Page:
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New Bahrain visa rules not friendly to some GCC expatriates

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Bahrain has changed its visa rules to make it mandatory for low-level expatriates from other GCC countries to obtain a visa in advance before entering the country.

The move appears to be aimed at stemming a possible tide of unemployed workers from Saudi Arabia crossing the causeway looking for work in Bahrain. But it is the latest action that is unfriendly to expatriates who are still essential to this country’s economy.

Long-term expats

Only last week a familiar refrain from the Labour Ministry warned that Gulf countries risked being taken over in the long run if they did not focus on developing their own national talent. Bahrain has also been behind suggestions that GCC expatriates should be limited to a maximum six-month stay, ignoring the obvious value of long-term expats to any business.

Visas will still be available at the border for GCC residents with professional status on their residency visas, from managers to bankers, doctors and engineers and their families. Previously all holders of valid GCC residency permits received automatic on-arrival visas.

Bahrain is already among the poorest of the GCC countries, and has fallen behind cities like Doha and Dubai in the recent oil boom. Ironically ‘Business friendly Bahrain’ was a big sponsor of the World Economic Forum in Davos this year.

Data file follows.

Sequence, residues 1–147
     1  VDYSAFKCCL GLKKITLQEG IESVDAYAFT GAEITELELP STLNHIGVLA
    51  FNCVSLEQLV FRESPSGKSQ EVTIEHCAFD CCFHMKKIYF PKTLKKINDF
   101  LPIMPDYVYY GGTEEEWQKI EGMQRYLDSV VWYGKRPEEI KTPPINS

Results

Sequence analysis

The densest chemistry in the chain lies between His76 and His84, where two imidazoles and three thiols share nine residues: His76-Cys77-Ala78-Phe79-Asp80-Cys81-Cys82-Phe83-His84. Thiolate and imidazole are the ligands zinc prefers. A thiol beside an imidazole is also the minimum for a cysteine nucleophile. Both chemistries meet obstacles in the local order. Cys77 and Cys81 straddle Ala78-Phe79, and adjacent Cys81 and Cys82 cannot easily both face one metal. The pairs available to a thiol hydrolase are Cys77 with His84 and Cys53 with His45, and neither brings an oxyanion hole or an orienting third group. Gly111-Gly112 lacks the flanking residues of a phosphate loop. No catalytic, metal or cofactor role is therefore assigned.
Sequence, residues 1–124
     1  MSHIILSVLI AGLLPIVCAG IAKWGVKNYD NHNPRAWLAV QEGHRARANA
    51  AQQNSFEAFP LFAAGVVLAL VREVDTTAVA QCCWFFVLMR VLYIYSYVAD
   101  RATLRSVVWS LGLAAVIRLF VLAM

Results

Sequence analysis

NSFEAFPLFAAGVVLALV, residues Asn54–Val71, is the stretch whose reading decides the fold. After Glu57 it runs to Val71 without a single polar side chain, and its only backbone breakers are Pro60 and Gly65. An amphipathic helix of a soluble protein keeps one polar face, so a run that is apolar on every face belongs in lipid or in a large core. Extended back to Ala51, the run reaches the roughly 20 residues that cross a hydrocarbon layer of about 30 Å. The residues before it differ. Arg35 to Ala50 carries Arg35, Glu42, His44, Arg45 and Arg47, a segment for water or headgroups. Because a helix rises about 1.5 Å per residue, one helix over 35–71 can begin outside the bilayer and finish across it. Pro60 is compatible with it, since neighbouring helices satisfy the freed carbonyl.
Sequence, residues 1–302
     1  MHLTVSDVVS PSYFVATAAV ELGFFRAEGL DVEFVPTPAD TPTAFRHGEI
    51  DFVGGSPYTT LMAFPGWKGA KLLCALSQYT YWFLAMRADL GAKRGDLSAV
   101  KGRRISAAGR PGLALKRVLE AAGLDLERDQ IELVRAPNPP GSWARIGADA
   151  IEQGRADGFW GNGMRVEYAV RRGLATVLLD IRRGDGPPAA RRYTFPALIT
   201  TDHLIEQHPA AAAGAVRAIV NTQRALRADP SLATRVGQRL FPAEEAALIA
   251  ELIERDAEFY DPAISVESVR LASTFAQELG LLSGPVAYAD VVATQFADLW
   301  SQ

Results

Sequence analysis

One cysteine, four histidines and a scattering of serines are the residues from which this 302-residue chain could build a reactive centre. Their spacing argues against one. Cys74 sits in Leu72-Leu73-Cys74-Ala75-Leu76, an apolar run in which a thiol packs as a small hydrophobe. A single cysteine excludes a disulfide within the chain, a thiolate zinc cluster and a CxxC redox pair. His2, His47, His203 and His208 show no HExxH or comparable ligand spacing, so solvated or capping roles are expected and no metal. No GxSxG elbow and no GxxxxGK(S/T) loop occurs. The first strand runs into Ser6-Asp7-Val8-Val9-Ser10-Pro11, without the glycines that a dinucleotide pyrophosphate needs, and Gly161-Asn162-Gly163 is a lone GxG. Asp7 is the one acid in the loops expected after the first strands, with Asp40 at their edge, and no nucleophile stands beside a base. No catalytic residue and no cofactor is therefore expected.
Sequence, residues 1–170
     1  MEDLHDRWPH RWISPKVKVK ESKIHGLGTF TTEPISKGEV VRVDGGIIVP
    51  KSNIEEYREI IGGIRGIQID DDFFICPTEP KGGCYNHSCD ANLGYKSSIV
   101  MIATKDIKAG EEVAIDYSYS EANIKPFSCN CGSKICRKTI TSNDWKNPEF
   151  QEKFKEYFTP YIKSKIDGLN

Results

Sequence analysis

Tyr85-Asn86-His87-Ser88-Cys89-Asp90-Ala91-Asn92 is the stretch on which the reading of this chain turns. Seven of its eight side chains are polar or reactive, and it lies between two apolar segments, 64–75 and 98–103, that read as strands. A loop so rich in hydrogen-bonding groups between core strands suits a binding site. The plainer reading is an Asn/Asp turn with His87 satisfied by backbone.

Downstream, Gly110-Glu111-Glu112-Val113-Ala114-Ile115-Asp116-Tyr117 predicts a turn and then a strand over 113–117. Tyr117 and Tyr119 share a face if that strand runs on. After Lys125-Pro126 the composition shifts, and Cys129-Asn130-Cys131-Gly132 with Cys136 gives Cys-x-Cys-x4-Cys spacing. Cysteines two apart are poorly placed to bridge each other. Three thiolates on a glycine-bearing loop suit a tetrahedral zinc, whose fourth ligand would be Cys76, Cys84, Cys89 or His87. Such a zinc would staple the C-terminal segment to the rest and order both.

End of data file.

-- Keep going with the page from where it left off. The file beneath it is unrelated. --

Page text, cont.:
Yet you have to practice what you preach. Expatriate labour is vital to most businesses in the Gulf where the local skill sets are just not up to the standards demanded by global business whose job is not to act as a training and employment agency but to make money in a highly competitive world.

Training investment

Bahrain should be keeping its doors open while investing more money in training its own nationals to compete on a level playing field with labour from other countries. The simple loss of productivity involved in advancing nationals to the detriment of expatriates cannot be afforded by one of the least well off Gulf nations.

Indeed, if Bahrain persists in this approach then it is going to lose even more business to other cities in the Gulf with a more liberal and tolerant approach to expatriates. It will not be the Gulf that suffers from an expatriate takeover, but Bahrain that suffers an exodus of expatriates and damage to its fragile economy if this is kept up.

For the winners of the future in the Arabian Gulf will be those countries who embrace the best of modernity and train their nationals, not countries who make irreplaceable workers unwelcome. Or is the intention to replace low-level expatriates with Bahrainis and leave the expatriate managers to run things?

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Written by Peter Cooper

February 11, 2010 at 10:14 am

Posted in Aviation, Banking, Travel

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